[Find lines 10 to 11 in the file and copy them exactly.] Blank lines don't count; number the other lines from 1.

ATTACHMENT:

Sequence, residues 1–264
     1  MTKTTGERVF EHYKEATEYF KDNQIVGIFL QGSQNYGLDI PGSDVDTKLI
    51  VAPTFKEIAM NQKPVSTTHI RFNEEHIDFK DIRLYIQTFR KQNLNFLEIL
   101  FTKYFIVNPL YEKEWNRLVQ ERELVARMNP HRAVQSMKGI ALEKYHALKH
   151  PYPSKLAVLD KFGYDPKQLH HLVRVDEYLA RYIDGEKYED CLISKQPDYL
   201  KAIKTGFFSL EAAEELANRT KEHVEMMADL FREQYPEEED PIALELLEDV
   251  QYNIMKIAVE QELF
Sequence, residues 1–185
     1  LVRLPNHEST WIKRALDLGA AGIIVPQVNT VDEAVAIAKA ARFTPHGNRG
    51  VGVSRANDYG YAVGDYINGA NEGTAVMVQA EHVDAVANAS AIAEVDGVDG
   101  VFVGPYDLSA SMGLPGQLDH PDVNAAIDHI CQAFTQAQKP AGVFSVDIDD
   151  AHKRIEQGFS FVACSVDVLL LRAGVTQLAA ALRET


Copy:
    51  VGVSRANDYG YAVGDYINGA NEGTAVMVQA EHVDAVANAS AIAEVDGVDG
   101  VFVGPYDLSA SMGLPGQLDH PDVNAAIDHI CQAFTQAQKP AGVFSVDIDD